Tuesday, March 23, 2010

On the Road

The car is together and inspected. We had just have a very nice weather weekend and drove the it about 20 miles total around town. Worked well More details to come.

Tuesday, July 14, 2009

Another task Done

The Netgain Impulse 9 and transmission are now installed, but not as smoothly as I would have liked. I initially had what I thought was the same problem that Roger ran into with the left side motor mount as the holes in the mount and the holes the motor did not line up. The holes didn't quite look to be 45° off as Roger observed but they were off at least 30°, maybe 40°. So trying to save a buck and the time spent at a welding shop, I re-extracted the motor, separated the transmission, removed the flywheel, clutch , and pressure plate. Finally I was at the point where I could rotate the adapter plate to the next set of bolt holes. The only option was a 45° twist. When I temporarily attached the mount to the left side and 'eyeballed' everything, it looked good so I reassembled all of the flywheel and clutch components, recoupled the transmission, and put the bugger in the car.

Again no cigar.. The holes were still off, but now in the opposite direction by about 5-10°, I guess that was to be expected from a 45° twist but nevertheless, I was really miffed at this point and had to take a long break from working on it. ( The black dots on the picture below indicate the position of the holes on the motor mount relative to bolt holes on the motor )

Once I calmed down, I made a cardboard template marking where I needed to drill new holes and took the mount to my cousin's shop where we welded on a piece of steel plate and redrilled it.

And after modification, it bolted right up.. So, finally the motor's installed. A nice milestone in the conversion process. Now hopefully no other big messes.

I don't know why the holes in the mount and and the ones on the motor were out of alignment by such a small angle (uncorrectable by rotating the adapter plate as that only gives 45° steps). There is a slight difference between my motor and the ones used by Roger and Rob (who both used this ElectroAuto kit. Rob used this mount without modification). My Impulse 9 has no length to the tail shaft. I know it can't be determined from this picture but that probably makes this motor a different model and the perhaps the arrangement of the motor bolt holes is a little different. Though it seems pretty unlikely..

Monday, July 13, 2009

Done Struttin'

All the struts, shocks and springs are installed. I had to redo the front ones three times. The first time, I forgot to install the little spacers between the bearing plate and the retaining nut. Doh.. The second time I used the original spacers but they turned out be so worn that the brand new bearing plates wouldn't turn without resistance. The third time I installed new spacers and all was well..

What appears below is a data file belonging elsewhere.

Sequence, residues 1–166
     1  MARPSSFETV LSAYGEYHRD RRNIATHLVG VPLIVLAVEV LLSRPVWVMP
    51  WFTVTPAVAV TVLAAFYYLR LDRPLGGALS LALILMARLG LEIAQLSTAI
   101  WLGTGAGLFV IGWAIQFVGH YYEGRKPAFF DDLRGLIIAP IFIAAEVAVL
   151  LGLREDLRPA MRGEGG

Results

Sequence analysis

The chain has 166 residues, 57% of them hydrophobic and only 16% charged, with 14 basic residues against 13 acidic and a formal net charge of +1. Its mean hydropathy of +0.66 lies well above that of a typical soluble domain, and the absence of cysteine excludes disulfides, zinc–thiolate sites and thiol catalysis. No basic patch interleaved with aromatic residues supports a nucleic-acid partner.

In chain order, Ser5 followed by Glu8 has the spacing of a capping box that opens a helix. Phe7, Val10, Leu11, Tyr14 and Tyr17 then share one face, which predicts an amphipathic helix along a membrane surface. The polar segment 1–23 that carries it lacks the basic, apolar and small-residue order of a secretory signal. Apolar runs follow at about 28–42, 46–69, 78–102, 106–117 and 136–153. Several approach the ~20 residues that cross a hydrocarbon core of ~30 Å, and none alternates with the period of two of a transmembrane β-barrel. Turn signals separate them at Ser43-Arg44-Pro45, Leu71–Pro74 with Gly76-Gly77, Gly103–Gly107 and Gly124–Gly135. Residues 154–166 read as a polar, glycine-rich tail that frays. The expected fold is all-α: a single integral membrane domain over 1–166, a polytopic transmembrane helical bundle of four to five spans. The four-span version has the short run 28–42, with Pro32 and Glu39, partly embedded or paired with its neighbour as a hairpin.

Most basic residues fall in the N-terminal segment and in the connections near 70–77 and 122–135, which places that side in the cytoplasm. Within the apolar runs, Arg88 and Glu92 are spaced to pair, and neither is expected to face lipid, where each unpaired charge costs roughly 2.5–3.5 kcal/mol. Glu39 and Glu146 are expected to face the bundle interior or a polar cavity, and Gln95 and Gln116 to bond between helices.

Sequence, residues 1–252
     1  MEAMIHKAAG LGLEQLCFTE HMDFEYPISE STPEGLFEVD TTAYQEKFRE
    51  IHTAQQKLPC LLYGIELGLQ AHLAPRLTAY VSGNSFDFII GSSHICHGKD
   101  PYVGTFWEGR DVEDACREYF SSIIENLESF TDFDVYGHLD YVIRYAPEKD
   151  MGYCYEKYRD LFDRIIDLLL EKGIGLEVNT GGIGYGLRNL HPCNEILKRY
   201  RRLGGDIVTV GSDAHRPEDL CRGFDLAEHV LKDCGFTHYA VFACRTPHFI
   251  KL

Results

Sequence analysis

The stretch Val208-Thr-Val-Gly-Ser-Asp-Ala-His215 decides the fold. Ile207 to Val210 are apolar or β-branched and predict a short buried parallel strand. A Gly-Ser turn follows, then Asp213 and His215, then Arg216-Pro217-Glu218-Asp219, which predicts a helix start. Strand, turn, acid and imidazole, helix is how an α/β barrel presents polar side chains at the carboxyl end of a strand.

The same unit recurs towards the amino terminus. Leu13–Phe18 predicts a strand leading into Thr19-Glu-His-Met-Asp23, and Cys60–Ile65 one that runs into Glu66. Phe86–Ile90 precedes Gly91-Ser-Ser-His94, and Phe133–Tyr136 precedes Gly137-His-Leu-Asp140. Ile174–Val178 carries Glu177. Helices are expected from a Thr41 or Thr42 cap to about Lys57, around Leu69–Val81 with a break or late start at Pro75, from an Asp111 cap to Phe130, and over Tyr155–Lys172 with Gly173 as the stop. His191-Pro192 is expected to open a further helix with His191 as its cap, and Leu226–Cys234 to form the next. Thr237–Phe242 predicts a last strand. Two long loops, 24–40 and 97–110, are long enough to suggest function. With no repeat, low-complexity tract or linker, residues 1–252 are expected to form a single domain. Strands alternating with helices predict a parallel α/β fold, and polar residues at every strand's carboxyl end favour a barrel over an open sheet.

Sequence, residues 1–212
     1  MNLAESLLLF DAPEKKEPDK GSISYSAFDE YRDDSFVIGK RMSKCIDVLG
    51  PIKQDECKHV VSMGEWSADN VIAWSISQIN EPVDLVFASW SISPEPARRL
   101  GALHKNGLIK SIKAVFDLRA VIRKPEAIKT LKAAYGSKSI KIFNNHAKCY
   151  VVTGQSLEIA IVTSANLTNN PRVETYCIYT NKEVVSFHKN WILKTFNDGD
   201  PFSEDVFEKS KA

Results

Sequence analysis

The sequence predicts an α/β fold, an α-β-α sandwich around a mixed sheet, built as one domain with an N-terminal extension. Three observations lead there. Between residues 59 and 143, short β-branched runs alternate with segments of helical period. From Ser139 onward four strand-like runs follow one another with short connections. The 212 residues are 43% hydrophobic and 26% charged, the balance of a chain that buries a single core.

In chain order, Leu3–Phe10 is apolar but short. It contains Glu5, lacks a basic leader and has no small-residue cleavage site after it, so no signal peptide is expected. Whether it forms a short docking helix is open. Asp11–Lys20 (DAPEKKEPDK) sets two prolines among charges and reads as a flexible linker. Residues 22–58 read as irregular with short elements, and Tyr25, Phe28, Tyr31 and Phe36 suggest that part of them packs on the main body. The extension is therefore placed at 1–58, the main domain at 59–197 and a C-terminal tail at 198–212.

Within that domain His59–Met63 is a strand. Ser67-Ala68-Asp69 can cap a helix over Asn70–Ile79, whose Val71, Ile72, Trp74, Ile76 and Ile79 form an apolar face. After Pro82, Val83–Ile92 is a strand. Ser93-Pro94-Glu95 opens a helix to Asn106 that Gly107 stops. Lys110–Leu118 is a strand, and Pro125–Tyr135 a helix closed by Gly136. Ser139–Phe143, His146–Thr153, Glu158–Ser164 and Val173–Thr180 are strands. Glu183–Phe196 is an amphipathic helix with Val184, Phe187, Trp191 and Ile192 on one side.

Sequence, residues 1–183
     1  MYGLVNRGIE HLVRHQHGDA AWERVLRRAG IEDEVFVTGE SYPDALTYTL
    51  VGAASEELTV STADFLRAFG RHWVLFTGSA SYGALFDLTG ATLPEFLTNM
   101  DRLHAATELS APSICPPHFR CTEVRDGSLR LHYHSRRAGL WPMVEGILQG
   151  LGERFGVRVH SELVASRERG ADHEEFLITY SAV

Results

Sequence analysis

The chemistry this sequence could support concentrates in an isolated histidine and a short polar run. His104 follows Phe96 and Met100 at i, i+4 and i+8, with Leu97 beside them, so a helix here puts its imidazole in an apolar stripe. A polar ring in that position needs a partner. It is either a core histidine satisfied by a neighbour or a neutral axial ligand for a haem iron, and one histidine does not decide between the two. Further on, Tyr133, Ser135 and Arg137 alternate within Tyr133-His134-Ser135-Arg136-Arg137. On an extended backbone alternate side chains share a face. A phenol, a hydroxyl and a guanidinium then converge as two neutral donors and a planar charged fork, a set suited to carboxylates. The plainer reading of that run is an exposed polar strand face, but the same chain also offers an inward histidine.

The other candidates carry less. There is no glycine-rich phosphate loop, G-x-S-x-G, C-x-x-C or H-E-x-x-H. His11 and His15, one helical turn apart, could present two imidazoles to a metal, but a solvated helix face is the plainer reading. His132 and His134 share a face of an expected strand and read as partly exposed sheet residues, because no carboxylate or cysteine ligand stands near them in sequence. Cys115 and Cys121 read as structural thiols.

My fuel tank arrived.. 16 Interstate U2300 batteries (242Ah 6V ).. They are about 64 lbs each. The black one is the 12V auxiliary battery that will power the 12V electrical system on the car, with help from a DC/DC converter.

Tuesday, June 2, 2009

Front Cartridges

The front strut cartridges. You can see the new one (top) versus the original. If the original one was operating correctly the piston would be fully extended like the top one. There was a lot of leaking oil from these originals. The new struts and shocks are KYB and came with the ElectroAuto kit.

The left side strut cartridge retaining nut was frozen solid to the strut tube. You can see a large amount of rust and pitting. Also shown on the lower left is the old retaining nut that required the grinder to remove it, and a new one on the upper left. Miraculously, the outside threads still worked following the grinding (I only nicked the threads a small amount) and after cleaning with a wire brush and applying a little grease, I was able to secure the new cartridge inside the tube with the new nut.

Tuesday, May 19, 2009

Update: May 18, 2009

All the struts and shocks have been removed and I have the rear shocks and springs ready to reinstall once I locate some new lower shock mount bolts. The local 'stealer' wants almost $5 each. Both lower mounts on the rear shocks were frozen so it was necessary to cut them out. I had a similar problem with left side front strut and destroyed the strut mount plate in order to grind off the top retaining nut. That mount plate was pretty well shot anyway so no extra harm done other than turning a relatively short time job into a long one. The right side one looks OK but I'm going to go ahead and order two from Arizona Autohaus. The struts and shocks on this car were way beyond the time they needed replacing. Both front bump stops were completely disintegrated along with the dust boots indicating a number of pretty hard bottom outs have happened. I found this useful forum topic on removing the cartridges from the strut. That will be the next task and I am sure the strut cap nut will present some resistance after not moving in 20 years.

Here is a comparison of the new (top) and old (bottom) rear spring and shock absorber. Notice the partially missing eyelet on the old one, some collateral damage from the removal process. The new spring has fewer coils but it is composed of thicker windings and will carry the additional battery weight while maintaining a stock ride height. These springs and shocks were part of the ElectroAuto Kit.